This was really helpful. I created one to fit my needs. This really helped me.
<p>will try</p>
I only wish that the measurements worked in hardware stores in the USA
This looks like it mostly been built of dimensional lumber common for their area. In the event you aren't familiar with dimensional lumber the chart in this article could help<a href="http://en.wikipedia.org/wiki/Lumber" rel="nofollow">http://en.wikipedia.org/wiki/Lumber</a>.&nbsp; Your likely to waste lumber,time, and effort trying duplicate this by unit conversions, probably&nbsp; to&nbsp; start from snatch designing it to fit your space, and the lumber available to you. Perhaps some need&nbsp; to bake some very,very,very basic beginner how to articles to place at instructables.
<p>I'd really like to try to build this wardrobe but I'm sort of a novice. The whole thing is going to be an adventure and I'd like to start with the right size pieces of lumber. Is converting this or, as you suggest, starting from scratch, something you have done or could easily do? I'd be so grateful if someone could convert this list to something that would work in an American hardware store:</p><p>- 8 pieces of 195mm x 19mm x 75mm<br>- 11 pieces of 175mm x 19mm x 38mm<br>- 10 pieces of 25mm x 19mm x 38mm<br>- 4 pieces of 50mm x 25mm x 75mm<br>- About 30m of 50mm x 19mm x 38mm</p><p>Thanks in advance!</p>
<p>8 pieces of 7.6772in X .74803in X 2.9528in</p><p>11 pieces of 6.88976in X .74803in X 1.49606in</p><p>10 pieces of .984242in X .74803in X 1.49606in</p><p>4 pieces of 1.9685in X 9.84252in X 2.95276</p><p>about 98.4252ft of 1.9685 X .748031 X 1.49606</p><p>This is why i don't like to convert.</p>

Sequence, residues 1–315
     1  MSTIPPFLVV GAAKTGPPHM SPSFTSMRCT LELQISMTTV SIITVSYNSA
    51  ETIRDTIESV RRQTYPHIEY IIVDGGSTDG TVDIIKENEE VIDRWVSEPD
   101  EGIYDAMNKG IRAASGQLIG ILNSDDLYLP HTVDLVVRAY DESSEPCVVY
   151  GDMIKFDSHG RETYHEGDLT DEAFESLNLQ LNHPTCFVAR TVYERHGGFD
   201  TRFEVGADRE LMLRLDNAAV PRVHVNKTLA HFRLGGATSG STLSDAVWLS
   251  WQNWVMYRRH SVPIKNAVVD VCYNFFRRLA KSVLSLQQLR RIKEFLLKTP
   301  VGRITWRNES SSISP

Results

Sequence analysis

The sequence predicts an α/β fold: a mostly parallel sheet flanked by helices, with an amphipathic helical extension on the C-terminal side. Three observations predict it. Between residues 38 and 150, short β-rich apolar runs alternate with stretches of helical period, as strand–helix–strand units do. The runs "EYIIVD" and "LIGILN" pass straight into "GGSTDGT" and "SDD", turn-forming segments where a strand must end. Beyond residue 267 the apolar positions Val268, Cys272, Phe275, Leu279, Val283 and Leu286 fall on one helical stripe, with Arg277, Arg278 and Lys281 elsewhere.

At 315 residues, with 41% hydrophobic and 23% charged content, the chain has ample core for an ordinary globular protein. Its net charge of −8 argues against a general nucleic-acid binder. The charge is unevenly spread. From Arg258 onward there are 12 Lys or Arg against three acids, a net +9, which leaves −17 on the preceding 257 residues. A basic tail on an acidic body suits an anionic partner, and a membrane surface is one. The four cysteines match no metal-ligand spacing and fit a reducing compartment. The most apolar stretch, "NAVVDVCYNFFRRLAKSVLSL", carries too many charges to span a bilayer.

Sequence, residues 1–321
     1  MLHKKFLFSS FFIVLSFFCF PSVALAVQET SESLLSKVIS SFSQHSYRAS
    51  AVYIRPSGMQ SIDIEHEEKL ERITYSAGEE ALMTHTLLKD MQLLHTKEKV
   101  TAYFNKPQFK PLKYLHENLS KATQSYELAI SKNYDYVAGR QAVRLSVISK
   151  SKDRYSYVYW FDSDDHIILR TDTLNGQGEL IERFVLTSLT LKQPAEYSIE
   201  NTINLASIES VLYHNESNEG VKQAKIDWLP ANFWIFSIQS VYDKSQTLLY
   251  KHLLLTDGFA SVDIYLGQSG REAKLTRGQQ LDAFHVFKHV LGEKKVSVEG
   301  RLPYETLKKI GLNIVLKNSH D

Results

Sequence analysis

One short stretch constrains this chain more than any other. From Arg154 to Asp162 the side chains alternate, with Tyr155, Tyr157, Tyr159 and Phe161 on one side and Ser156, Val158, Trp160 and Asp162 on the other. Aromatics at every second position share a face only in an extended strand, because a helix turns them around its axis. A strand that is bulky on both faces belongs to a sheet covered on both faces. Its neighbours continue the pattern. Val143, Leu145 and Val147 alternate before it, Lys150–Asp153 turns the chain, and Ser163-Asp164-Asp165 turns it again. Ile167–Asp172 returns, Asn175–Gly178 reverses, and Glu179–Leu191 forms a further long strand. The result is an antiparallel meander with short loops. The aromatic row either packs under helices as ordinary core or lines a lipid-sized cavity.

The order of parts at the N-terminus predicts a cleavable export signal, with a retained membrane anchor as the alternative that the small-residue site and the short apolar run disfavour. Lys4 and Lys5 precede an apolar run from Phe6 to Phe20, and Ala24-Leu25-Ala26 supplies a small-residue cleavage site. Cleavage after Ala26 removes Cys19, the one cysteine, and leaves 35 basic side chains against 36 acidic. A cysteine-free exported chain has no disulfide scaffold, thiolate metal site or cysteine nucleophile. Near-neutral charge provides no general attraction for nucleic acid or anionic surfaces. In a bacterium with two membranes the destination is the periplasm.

Surprised no one mentioned not putting two screws in the same place in the grain pattern on that board. Everything else aside, you stressed the same weak point twice in doing that. Offset your screws - combined with pilot holes and countersinking. Otherwise, nice work - and to the ikea suggestion, you don't get custom fit shelving by buying pre-packaged.
<p>u can use a drill to make a hole before screw to avoid the cracks</p>
Good points about cracks ... pre drilling and not getting two screws in the grain ... I learned a bit as I went but fortunately the little crack was hidden in the back :)
<p>Thank you for the instructions for a great and sturdy build, much better than store bought closet organizers. I look forward to making this as soon as we get bedroom built for our cabin. Looks great.</p>
thanx 4 the idea. I modify some of ur design to fit my house!!
That is one fine looking wardrobe! Congratulations on a job well done. As for getting something like it from a store, no one ever pointed at something and said &quot;I bought that,&quot; with anything like the same pride you will feel when you point at yours and say &quot;I built that.&quot; Enjoy your shelves and your accomplishment.<br><br>One suggestion for future projects. When you need multiple identical pieces for a project, put some extra care into measuring and cutting the first piece and then mark it as the &quot;master.&quot; Then use that piece as a pattern to measure all the rest. That way your dimensions won't &quot;creep.&quot;